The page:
@api inputMessage = 'World';
    handleChange(event) {
        console.log('event.target.value' + event.target.value);
        this.inputMessage = event.target.value;
    }
}

use the apiDecorator.js-meta.xml code

<?xml version="1.0" encoding="UTF-8"?>
<LightningComponentBundle xmlns="http://soap.sforce.com/2006/04/metadata" fqn="apiDecorator">
    <apiVersion>45.0</apiVersion>
    <isExposed>true</isExposed>
    <targets>
        <target>lightning__RecordPage</target>
        <target>lightning__HomePage</target>
        <target>lightning__AppPage</target>
    </targets>
    <targetConfigs>
        <targetConfig targets="lightning__RecordPage">
            <property name="inputMessage" type="String" label="inputMessage" placeholder="World" description="Enter the name of the person to greet."/>
        </targetConfig>
    </targetConfigs>
</LightningComponentBundle>

Push changes to scratch org and add this component to the layout using app builder and now you can able to see the inputMessage property is configured from the app builder as shown below.

image 16
  1. Expose the property as public property
  2. Expose the property to the App Builder
  3. Pass the property values  from the parent component

3.wire decorator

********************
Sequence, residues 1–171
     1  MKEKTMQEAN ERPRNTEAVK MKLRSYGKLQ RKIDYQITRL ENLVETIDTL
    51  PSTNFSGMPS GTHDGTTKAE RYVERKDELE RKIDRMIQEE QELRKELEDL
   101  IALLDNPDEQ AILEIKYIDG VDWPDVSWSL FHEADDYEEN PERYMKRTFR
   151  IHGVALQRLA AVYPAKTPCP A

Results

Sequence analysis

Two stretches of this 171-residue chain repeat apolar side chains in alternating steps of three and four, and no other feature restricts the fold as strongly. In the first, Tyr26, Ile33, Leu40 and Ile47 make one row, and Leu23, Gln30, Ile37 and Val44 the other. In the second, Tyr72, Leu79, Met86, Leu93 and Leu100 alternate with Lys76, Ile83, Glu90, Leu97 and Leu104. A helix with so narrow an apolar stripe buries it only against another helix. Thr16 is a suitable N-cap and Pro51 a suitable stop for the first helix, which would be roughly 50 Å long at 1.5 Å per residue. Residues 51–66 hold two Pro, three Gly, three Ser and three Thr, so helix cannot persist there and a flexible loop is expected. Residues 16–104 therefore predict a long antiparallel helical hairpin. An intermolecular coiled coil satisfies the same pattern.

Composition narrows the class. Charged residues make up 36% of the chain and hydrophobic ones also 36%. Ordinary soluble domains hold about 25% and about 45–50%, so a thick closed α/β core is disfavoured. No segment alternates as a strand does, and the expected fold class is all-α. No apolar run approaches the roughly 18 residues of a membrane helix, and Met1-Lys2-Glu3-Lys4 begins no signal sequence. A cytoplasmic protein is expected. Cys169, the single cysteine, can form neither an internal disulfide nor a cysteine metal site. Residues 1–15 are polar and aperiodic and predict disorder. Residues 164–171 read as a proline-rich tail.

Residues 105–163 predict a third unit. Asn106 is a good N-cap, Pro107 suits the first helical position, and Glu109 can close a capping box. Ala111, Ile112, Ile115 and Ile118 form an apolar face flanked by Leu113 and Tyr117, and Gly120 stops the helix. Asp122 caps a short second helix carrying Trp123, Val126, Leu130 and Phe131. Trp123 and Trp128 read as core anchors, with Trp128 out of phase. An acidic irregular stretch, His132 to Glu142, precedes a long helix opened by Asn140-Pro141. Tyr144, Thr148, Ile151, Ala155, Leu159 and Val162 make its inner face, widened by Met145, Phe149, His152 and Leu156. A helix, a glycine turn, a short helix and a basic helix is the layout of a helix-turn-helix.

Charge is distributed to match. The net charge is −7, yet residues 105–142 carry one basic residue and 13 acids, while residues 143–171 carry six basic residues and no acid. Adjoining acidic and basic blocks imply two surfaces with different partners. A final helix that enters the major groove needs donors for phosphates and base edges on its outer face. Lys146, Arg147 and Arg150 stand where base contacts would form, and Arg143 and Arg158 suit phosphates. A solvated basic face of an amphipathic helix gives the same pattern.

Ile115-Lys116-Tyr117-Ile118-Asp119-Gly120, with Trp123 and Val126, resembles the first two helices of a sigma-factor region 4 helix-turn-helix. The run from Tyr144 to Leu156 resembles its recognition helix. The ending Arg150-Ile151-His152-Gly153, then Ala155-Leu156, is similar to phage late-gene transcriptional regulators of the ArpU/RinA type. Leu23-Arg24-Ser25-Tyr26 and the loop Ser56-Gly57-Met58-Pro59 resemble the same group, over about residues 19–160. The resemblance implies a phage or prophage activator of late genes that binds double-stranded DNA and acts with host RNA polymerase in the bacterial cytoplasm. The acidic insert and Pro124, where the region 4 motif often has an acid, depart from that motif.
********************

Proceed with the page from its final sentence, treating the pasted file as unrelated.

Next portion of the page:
if we want to get the inputMessage from the apex class you need to use @wire .

@wire To read Salesforce data, Lightning web components use a reactive wire service. When the wire service provisions data, the component rerenders. Components use @wire in their JavaScript class to specify a wire adaptor or an Apex method.

public with sharing class Message {
     @AuraEnabled(cacheable=true)
    public static String getInputMessage() {
        return 'Input Message from Apex Class';
    }
}

update the  wiredecorator.js with below code

import {
    LightningElement,
    api,wire
} from 'lwc';
import getInputMessage from '@salesforce/apex/Message.getInputMessage';
export default class Hello2 extends LightningElement {
    @api inputMessage = 'World';
    @wire(getInputMessage) inputMessage;
    handleChange(event) {
        console.log('event.target.value' + event.target.value);
        this.inputMessage = event.target.value;
    }
}

Wiredecoraotor.html

<template>
    <lightning-card title="Decorators Demo">
        <div class="slds-m-around_medium">
            <p>Message , {inputMessage.data}!</p>
            <lightning-input label="Message" value={inputMessage} onchange={handleChange}></lightning-input>
        </div>
    </lightning-card>
</template>

you can able to see the inputMessage property values is coming from the apex class.

image 36
Scroll to Top